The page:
This recipe is part of Crispianity: a column devoted to all foods crispy and crunchy, two of the most underappreciated attributes of a great dish. Author Adeena Sussman is a food writer and recipe developer, pairing here with her photographer friend Evan Sung. Sussman’s most recent cookbook, coauthored with Lee Brian Schrager, is America’s Best Breakfasts: Favorite Local Recipes From Coast to Coast.
I first came across pommes soufflées in a video I found on the Interwebs. In said moving picture, Martha Stewart introduces Jacques Pepin and Julia Child, who proceed to make quick work of slicing, frying, and puffing up snowy white slices of potato into pneumatic spud balloons that somehow stay crispy on the outside and slightly creamy on the inside — just the sort of contrast this disciple of Crispianity loves. I came across them again at Momofuku Ko in New York City and decided it was time to make them for myself. The process involves more than a bit of fastidiousness, vigilance, a high level of tolerance for delayed gratification, and an awareness that, unlike in most other areas of life, a 25 percent success rate is a mark of achievement. But they’re really fun to make, even if you fail miserably. I went ahead and piped mine with thick labneh yogurt and dusted them with za’atar, a spice blend I find endlessly versatile. Read ahead to find out more, and remember: If your pommes don’t pony up, you can always make cottage fries (seriously).
- 1 cup plain Labneh yogurt, Greek yogurt, or other thick, strained yogurt
- 3 Idaho potatoes (seek out smooth, unblemished potatoes)
- canola oil or vegetable oil, for frying
- Za’atar spice blend*, for sprinkling
For the pommes
Fit a pastry piping bag with a ¼-inch tip and spoon the yogurt into the bag. Refrigerate until ready to use.
Peel the potatoes and place them in cold water. Using a mandoline slicer, cut the potatoes lengthwise into ¼-inch thick slices. Return the sliced potatoes to the cold water to prevent them from browning.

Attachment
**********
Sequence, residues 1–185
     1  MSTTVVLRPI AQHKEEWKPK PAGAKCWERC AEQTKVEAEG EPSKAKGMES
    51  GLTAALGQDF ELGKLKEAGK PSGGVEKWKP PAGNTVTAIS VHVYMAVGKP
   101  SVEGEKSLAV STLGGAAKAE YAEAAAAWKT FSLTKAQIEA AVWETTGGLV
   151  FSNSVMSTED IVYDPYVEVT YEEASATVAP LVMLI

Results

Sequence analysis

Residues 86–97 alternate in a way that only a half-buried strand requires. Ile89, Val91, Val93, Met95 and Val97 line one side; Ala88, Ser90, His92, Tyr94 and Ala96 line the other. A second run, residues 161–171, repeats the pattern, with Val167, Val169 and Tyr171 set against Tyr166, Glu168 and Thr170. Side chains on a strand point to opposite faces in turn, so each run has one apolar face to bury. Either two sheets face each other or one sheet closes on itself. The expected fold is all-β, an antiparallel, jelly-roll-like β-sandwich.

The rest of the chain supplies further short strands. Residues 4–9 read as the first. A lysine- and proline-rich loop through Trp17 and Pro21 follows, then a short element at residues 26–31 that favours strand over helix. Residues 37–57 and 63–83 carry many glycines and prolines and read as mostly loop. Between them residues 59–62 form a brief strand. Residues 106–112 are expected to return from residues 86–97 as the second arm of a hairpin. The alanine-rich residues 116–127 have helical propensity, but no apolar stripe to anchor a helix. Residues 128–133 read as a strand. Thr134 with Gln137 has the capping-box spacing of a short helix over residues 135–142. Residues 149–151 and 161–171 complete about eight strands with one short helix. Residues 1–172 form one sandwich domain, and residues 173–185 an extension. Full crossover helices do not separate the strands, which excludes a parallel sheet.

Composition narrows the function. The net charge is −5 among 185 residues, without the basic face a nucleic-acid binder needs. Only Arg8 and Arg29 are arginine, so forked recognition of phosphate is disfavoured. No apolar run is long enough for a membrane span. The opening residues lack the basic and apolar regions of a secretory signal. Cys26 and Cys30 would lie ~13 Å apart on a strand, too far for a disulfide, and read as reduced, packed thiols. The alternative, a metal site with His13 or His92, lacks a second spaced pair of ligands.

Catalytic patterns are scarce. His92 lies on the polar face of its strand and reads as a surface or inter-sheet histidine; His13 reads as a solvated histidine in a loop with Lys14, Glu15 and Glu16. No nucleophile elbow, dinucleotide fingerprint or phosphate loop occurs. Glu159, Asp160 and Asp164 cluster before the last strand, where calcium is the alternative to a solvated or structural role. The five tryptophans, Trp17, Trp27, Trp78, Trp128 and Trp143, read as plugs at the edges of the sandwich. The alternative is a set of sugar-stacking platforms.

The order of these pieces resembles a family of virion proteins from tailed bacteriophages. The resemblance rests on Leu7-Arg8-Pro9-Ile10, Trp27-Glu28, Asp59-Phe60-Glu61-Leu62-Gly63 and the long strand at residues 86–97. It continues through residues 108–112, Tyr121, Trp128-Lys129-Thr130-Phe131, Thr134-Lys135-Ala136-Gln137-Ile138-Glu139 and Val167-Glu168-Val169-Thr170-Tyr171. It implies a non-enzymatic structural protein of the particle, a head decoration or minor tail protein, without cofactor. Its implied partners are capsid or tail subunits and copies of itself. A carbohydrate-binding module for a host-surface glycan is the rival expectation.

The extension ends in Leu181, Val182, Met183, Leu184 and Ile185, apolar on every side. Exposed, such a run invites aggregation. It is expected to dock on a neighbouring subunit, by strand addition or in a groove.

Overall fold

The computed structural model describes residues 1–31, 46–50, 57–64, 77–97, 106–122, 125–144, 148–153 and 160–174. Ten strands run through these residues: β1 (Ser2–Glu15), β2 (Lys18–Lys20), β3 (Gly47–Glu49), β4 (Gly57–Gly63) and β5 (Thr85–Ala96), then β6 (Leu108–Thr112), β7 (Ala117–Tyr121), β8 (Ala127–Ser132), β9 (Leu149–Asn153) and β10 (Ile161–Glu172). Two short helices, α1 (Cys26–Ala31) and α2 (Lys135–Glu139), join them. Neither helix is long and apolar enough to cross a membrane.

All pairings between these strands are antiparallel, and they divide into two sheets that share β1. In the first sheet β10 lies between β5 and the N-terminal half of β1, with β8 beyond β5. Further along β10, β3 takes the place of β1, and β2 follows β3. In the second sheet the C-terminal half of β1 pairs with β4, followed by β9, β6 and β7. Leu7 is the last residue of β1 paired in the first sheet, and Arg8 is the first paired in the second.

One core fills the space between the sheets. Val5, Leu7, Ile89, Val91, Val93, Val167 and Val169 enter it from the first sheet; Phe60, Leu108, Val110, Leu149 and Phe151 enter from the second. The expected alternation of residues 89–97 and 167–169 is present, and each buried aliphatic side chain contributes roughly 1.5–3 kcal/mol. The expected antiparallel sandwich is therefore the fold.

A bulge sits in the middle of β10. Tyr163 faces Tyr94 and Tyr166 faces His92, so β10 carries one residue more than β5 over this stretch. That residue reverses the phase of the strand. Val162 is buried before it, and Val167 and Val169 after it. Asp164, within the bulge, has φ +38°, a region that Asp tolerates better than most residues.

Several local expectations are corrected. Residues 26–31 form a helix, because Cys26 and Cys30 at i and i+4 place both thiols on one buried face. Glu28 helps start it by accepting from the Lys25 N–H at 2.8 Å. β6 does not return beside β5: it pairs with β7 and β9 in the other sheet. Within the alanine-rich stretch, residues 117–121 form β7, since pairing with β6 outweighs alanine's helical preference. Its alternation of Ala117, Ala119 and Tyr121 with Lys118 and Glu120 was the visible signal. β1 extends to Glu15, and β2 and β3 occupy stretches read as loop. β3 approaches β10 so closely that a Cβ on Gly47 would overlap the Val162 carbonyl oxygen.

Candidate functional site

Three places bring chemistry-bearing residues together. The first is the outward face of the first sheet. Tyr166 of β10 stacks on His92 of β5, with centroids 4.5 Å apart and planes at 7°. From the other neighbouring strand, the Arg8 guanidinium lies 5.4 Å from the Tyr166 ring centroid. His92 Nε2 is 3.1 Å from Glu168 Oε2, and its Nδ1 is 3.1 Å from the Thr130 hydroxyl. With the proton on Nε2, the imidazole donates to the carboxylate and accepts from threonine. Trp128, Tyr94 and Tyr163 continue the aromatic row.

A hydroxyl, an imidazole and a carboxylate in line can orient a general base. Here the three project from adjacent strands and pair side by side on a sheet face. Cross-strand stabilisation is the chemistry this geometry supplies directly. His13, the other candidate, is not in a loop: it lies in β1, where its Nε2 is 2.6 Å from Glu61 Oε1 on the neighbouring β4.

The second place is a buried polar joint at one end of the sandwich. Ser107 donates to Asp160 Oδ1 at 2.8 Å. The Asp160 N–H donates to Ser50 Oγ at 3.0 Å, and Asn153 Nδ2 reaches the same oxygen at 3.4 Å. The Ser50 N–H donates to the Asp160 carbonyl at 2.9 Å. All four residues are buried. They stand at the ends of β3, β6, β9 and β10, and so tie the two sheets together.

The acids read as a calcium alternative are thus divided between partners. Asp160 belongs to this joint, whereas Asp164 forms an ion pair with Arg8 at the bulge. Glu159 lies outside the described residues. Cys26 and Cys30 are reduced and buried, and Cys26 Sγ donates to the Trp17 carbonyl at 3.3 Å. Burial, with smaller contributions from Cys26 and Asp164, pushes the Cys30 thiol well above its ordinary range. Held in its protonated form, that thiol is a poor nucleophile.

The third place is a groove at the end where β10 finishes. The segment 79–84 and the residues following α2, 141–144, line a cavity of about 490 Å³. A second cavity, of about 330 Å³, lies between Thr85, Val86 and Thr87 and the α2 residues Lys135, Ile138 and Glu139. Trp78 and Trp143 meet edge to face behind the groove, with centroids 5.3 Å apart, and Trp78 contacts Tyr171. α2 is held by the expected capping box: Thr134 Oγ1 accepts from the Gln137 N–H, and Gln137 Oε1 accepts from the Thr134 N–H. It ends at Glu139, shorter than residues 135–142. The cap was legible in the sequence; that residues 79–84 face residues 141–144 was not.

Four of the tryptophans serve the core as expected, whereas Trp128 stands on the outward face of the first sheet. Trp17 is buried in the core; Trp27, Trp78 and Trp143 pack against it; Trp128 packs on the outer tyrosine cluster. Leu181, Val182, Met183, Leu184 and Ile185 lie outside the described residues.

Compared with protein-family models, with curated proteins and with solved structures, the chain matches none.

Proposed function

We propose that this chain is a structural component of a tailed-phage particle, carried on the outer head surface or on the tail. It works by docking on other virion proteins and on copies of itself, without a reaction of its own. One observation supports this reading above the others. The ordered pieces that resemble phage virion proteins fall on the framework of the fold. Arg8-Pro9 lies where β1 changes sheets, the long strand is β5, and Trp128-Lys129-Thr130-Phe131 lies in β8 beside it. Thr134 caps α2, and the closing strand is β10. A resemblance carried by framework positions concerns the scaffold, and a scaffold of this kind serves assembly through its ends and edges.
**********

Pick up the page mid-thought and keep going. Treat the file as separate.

Fill a medium large pot just under halfway with oil and heat to about 275°F. Fill a second pot just under halfway with oil and heat to between 355 and 365°F. You’re actually going to fry these twice, first to cook the potatoes, second to achieve that signature pommes soufflées puff. The thing is, only about ¼ of the potatoes are going to do what you want them to do on the second fry, and you need to be OK with that.
Remove the potato slices from the water and pat them dry between layers of paper towels. Make sure both oils are at their desired temperatures. Working in batches, fry the potatoes in the lower-temperature oil, swishing them around in the oil so they don’t stick to any part of the pot (any sticking can lead to micro-tears in the potato slices, which in turn could prevent the potatoes from puffing properly). Cook the potatoes until they appear sort of glossy and cooked but with as little color as possible. You may see some raised blisters on the potatoes — this is great! It's a kind of a harbinger of potential puffery that tells you hot air will be able to get into this OK. Now for the fun part: Using a slotted spoon or spider, transfer the once-cooked potatoes, one at a time, to the higher-temperature oil, to test their puff potential. If the potato puffs up immediately, you can do one of two things: Finish the frying process until they are all round and shiny and browned, about 2-3 minutes total. Alternatively, if you see an initial but complete puff occurs in the potato, you can remove the potato from the oil immediately and store, chilled, between layers of wax paper for up to 12 hours, to fry right before serving. Oh, one more thing: If your potatoes fail to puff, just keep on frying them in the hotter of the two oils — you've got yourself some cottage fries!
Once they are finally fried and golden, drain them briefly on paper towels, then use a sharp scissor tip to trim off the top ½ inch of each puffed potato balloon. Pipe 1½ tablespoons of the yogurt into each potato puff and season with za’atar and salt. Serve immediately.
*a Middle Eastern spice blend, za’atar typically contains some combination of dried hyssop, thyme, oregano, sumac, sesame seeds, and salt — but not necessarily all of these things. It’s great on everything, especially fried things, where the tart sumac and salt cut oily richness, and with yogurt.